Journal Articles

Allergenicity of Roasted Peanuts Treated with a Non-Human Digestive Protease

January 16, 2015

Allergenicity of Roasted Peanuts Treated with a Non-Human Digestive Protease, Food Research International, 16Jan2015,  Jianmei Yua, , ,Michelle Hernandezd,Hao Lib, e,Ipek Goktepec,Carole Robinetted,Amy Auerbachd,David Pedend,Mohamed Ahmednac

  • a Department of Family and Consumer Sciences, North Carolina A&T State University, Greensboro, NC 27411
  • b Center for Excellence in Post-Harvest Technologies, North Carolina Research Campus, Kannapolis, NC 28081, USA
  • c Department of Health Sciences, College of Arts and Sciences, Qatar University, Doha, Qatar
  • d University of North Carolina at Chapel Hill School of Medicine
  • e College of Biological Science and Technology, Fuzhou University, 350108, China

Allergenicity of Roasted Peanuts Treated with a Non-Human Digestive Protease

Abstract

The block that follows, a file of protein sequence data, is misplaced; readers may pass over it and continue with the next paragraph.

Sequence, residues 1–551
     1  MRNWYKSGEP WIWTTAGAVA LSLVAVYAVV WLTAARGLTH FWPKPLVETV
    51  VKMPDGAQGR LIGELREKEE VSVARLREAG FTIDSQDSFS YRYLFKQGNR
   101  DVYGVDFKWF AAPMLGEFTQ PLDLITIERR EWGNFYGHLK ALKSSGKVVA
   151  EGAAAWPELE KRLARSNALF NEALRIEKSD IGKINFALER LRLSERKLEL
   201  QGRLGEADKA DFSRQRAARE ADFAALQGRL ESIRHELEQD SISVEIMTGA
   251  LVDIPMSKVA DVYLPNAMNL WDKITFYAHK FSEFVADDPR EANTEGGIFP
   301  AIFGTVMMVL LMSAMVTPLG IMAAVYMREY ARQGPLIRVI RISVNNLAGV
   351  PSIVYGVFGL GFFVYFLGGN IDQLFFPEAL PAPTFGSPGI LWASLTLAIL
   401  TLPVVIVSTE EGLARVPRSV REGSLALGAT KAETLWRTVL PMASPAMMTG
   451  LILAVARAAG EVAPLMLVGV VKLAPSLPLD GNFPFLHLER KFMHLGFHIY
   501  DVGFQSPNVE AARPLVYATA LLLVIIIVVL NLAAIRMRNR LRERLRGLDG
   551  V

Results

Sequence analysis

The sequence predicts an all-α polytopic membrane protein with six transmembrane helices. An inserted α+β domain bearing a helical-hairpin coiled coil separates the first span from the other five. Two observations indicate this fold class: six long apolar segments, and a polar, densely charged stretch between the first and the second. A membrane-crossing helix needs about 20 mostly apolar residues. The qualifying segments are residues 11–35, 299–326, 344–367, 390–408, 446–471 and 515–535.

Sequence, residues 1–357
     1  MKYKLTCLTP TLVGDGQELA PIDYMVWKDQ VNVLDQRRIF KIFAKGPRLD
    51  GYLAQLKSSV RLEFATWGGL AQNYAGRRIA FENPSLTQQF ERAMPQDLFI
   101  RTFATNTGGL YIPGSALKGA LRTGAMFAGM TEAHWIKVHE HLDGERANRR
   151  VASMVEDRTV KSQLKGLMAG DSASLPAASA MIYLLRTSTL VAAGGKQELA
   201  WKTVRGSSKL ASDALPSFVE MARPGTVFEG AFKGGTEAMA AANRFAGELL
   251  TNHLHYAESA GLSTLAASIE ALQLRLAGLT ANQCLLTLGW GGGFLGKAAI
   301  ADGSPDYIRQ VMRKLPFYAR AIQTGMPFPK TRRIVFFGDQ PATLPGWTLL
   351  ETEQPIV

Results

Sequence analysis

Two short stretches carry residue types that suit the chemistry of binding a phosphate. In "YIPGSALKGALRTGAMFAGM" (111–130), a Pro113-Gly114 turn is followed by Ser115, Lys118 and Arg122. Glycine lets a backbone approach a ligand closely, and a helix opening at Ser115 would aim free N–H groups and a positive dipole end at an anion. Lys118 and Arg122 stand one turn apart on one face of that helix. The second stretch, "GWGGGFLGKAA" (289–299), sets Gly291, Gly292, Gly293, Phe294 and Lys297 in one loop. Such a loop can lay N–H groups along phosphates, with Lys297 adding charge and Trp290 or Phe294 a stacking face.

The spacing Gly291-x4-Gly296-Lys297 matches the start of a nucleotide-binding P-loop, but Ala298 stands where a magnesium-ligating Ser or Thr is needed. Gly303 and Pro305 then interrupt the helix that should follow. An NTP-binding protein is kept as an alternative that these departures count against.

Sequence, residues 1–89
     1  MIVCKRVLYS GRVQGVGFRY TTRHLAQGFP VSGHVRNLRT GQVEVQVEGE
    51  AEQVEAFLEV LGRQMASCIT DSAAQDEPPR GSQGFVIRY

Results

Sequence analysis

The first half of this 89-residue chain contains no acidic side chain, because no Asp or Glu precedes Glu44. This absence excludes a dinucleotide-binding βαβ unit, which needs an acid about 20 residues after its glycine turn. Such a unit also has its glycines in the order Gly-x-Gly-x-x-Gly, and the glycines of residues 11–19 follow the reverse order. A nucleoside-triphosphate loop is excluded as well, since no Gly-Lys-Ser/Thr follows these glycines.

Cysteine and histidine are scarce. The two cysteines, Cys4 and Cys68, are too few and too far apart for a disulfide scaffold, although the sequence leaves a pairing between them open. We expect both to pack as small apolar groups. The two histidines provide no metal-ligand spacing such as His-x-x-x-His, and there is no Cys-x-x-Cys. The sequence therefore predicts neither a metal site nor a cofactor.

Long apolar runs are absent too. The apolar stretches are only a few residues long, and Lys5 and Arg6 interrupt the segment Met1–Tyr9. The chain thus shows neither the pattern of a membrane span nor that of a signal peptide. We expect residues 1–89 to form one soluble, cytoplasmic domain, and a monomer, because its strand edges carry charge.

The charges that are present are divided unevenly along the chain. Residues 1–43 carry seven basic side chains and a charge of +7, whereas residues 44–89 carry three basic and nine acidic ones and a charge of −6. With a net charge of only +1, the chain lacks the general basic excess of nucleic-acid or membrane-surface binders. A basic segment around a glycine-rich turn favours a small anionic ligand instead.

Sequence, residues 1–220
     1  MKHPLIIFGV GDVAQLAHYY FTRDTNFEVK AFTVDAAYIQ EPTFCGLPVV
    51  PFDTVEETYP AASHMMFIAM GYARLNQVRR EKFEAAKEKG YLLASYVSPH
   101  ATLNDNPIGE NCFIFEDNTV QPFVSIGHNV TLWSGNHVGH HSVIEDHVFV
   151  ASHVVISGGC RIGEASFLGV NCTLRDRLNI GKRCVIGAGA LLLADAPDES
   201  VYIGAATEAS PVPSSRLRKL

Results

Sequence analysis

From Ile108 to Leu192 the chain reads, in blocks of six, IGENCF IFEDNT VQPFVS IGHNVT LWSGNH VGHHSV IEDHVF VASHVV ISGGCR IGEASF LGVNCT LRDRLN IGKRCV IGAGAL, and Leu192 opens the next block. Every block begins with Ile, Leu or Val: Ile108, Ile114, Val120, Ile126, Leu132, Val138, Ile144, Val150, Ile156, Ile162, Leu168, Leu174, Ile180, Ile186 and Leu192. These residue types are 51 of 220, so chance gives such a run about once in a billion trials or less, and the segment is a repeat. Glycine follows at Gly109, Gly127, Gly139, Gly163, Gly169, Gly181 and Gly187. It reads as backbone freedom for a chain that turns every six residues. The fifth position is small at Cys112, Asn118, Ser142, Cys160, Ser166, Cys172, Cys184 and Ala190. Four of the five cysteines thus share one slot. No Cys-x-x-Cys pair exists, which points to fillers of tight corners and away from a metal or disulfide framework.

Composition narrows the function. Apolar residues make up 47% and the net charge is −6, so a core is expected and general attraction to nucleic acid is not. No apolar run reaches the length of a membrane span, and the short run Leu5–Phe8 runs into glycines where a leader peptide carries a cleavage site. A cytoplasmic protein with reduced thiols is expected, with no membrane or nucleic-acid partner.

Peanut allergy is a severe and lifelong type of food allergy triggered by allergenic proteins and peptides in peanuts. This study investigated the effects of ultrasound-assisted alcalase treatment on the concentrations of major allergenic proteins (Ara h 1 and Ara h 2) in roasted peanut kernels and the allergenicity of treated peanut extracts. Peanut kernels were sonicated for 1 hour in buffer solution, incubated with different amount of alcalase for various time, then vacuum dried. The variations of Ara h 1 and Ara h 2 contents in soluble and insoluble portions of peanuts treatments were evaluated by sandwich ELISA and SDS-PAGE, respectively. The in vitro IgE-binding capacity of treated peanut extracts was determined by a competitive inhibition ELISA using pooled plasma of 10 peanut allergic patients. Samples with lower in vitro IgE-binding were used for human skin prick tests (SPTs) in peanut allergic individuals. Results indicate that alcalase digestion of sonicated peanuts significantly increased protein solubility while decreasing Ara h 1 and Ara h 2 concentrations in both soluble and insoluble portions of peanuts relative to untreated peanuts. The maximum reductions of Ara h 1 and Ara h 2 levels were obtained following 3 hour digestion with alcalase at concentrations of 4.54 and 6.05 U/100 g. Samples obtained under these conditions showed the lowest in vitro IgE-binding and caused the least allergic response in human SPTs. The current study suggests that the allergenic potential of peanuts could be reduced by postharvest processing such as ultrasound-assisted enzymatic treatment of peanuts kernels.

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